We think our standards make us spiritual. We compare ourselves with visiting youth groups. We compare ourselves with churches across the country. We hear “fundamentalism is dying” – that makes us think we’re alive because we still hold to the “fundamentals” and… we’re going to stand fast and keep the faith.
High, fundamentalist standards tend to make our flesh feel spiritual. So we raise them higher that way we can be more spiritual.
We define sin in ways the Bible does not – by standards. Then, when someone is not worldly, but they have fit the definition we have prescribed, they are declared to be sinning!
We begin to trust in our rules to make us acceptable with God
We think other people without our standards are backsliders or wicked, terrible people – not even Christians!
We get proud of our standards, which is many times worse than not having standards
We go around judging others, even imputing motives and thoughts – “She did that because… I know it” – REALLY? The Bible says we’re not to judge another man’s (Christ’s) servant. The Bible says no man can know the mind of another man. Just because we are to be discerning doesn’t give us the right to be judgmental. There’s a ditch on both sides of the road.
A form of godliness, but denying the power thereof. The problem is not the form, it’s the denying. Some recognize this and seek the power by denying the form of godliness. Some don’t recognize that the form is not the power
- Going soulwinning/visiting for one hour every week and filling out a slip doesn’t make you a good Christian.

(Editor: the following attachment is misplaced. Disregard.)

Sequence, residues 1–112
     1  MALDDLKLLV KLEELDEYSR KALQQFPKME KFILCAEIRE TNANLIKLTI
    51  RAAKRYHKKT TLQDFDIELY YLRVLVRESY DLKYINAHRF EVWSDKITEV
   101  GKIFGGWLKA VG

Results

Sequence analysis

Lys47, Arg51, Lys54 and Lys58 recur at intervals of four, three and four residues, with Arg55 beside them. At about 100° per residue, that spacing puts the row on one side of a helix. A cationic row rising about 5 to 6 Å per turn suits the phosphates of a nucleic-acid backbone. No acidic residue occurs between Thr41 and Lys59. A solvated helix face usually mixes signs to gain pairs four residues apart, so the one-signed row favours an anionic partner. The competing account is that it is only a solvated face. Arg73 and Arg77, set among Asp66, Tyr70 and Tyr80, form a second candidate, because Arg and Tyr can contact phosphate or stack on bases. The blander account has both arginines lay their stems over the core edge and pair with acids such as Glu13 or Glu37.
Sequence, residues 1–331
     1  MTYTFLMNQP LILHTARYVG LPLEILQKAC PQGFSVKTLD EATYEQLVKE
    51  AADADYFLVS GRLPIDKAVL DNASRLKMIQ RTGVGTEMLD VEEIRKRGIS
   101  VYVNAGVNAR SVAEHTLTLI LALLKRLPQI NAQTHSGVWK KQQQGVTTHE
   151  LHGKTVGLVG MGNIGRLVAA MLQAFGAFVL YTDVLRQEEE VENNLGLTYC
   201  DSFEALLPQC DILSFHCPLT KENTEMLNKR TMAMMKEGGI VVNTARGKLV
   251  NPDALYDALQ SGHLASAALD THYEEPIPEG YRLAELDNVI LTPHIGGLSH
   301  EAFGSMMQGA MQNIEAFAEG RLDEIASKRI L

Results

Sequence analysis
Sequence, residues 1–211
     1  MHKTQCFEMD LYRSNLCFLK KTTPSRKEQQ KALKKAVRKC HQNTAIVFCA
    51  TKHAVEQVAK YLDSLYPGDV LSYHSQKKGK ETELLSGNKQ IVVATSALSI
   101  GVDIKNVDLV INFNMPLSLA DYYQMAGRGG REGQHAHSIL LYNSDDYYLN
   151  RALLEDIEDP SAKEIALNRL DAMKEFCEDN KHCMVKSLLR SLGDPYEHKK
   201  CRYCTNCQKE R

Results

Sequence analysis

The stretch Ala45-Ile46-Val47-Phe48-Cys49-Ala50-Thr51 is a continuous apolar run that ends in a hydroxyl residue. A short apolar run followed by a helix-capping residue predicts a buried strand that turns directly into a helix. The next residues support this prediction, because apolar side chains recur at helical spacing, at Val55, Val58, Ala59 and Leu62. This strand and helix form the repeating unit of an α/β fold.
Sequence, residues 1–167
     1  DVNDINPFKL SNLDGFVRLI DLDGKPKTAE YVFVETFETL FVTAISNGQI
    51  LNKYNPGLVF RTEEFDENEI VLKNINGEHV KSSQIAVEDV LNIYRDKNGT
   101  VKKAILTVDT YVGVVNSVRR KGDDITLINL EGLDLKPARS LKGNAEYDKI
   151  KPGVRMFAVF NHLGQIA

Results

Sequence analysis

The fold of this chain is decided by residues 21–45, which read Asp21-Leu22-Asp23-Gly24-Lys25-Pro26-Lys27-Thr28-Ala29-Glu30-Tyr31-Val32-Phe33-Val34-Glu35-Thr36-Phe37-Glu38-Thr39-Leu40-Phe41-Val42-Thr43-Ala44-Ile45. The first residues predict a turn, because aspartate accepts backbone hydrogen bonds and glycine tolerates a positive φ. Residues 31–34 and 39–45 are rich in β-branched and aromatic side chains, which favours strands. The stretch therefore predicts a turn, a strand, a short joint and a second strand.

- Wearing or not wearing your hair a certain way doesn’t make you a good Christian.
- Wearing or not wearing certain clothes doesn’t make you a good Christian.
- Smoking or not smoking doesn’t make you a good Christian.
- Drinking or not drinking doesn’t make you a good Christian.
- Going to movies, or not going to movies doesn’t make you a good Christian.
- Watching TV or not watching TV doesn’t make you a good Christian.
- Getting demerits or not getting demerits doesn’t make you a good Christian.
- Listening to certain kinds of music or not listening to certain kinds of music does not make you a good Christian.
- Living by the pass system or not does not make you a good Christian.
We must have the power (the Holy Spirit’s), then the form will come “naturally.” HOW? Through yielding. Sometimes we just go through the motions of having devotions. We “die daily” – we do this each morning, and by morning break, we’re back to doing our own thing. If in every thing we were yielded to God/Holy Spirit instead of a rulebook, God’s law would then be written on our heart!
It really is that simple. For that reason, it is high treason not to do it – it is rebellion against GOD. I don’t like to think through my days. I see how many times I’ve gone my own way in just one day
To be a happy Christian, we must not put ourselves in bondage to rules and external laws. We must allow God to rule in our hearts every moment of every day.
You can listen to this sermon at SermonAudio.